13 years ago, China issue a ban on US beef. This was largely on the heels of a mad cow disease scare, resulting in a major shrinking of the market, of course. However, this week, China announced its plan to lift this ban, making US beef available in the major economy.
This, of course, is a major boon to the US beef industry which has suffered “huge losses” over the last 12 to 14 months, as described by Bufffalo, NY rancher Jim Peterson. He says, “There are a lot of ag producers in both cattle production and farming who are looking for a light at the end of the tunnel. Calves are selling for almost half or less than half of what they were selling for last year.”
For example, calves that are currently selling for between $700 and $800 would have sold for twice that, just last fall.
While the middle class in America is feeling the pinch, the same population in China is blossoming. And with that, China’s middle class craves more beef, apparently—more protein for highly mobile—and motivated–workers. The number make this incredibly clear: last year China only imported about $2.5 billion worth of beef. This is a number just short of all US beef sales in 2003. However, the last year that China permitted US beef, according to the US Department of Agriculture, the country imported $10 billion overall.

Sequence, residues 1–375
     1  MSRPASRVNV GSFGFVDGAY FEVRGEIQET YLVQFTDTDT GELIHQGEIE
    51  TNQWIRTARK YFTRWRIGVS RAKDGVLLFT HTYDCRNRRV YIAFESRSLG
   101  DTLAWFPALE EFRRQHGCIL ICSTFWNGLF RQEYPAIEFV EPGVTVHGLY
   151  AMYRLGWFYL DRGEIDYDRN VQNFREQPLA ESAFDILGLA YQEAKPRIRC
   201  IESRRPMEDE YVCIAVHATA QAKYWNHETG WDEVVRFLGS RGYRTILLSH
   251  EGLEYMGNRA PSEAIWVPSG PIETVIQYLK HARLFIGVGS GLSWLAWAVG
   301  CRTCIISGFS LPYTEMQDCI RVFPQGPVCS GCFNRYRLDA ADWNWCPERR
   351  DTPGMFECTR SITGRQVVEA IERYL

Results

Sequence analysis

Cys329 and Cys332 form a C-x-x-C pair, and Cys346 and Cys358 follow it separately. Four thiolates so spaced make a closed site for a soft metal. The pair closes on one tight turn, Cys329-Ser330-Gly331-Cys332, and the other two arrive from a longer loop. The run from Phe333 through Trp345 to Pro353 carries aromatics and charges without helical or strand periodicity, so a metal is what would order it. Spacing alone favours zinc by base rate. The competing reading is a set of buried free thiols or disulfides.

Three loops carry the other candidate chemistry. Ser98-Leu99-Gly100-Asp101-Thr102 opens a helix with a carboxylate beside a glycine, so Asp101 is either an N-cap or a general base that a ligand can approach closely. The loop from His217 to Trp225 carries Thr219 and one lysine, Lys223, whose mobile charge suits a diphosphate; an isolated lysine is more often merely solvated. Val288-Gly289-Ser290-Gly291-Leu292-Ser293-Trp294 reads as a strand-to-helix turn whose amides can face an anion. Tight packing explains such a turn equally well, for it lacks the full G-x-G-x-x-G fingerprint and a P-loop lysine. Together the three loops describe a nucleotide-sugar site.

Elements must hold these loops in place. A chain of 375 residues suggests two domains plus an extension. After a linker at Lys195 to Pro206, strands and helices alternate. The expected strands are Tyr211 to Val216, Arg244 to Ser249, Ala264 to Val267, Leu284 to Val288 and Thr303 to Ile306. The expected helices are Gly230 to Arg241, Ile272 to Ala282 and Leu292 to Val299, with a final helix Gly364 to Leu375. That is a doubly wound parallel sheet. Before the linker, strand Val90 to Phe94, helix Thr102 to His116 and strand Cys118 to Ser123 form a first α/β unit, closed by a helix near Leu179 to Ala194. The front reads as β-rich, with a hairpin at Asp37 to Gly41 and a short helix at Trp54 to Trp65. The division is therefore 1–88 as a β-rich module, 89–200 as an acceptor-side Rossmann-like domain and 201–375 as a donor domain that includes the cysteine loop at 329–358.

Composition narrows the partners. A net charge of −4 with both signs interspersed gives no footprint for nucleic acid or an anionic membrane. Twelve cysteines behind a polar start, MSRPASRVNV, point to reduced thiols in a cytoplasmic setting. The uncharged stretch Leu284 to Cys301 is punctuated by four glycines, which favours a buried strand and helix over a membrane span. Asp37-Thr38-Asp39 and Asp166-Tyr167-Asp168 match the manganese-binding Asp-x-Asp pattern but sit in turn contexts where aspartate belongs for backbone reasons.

As such, National Cattlemen’s Beef Association international director of trade and market access, Kent Bacus, comments, “This product is going to fly off the shelves. I think we’re going to have a great opportunity there. There’s still a lot of technical details that have to be ironed out. We don’t have beef on China’s shelves yet. When we do, we’ll still have to promote the product and gain their trust.”
In addition, US Ambassador to China Max Baucus advises: “You’ve got to be patient. You’ve got to be positive. You’ve got to be be persistent over here. Just stick with it, stick with it.” And the former U.S. senator from Montana goes on to say, “It’s hard to know when you’re going to succeed because this country is so opaque. They just don’t let you know when they are going to make a decision or not make a decision.”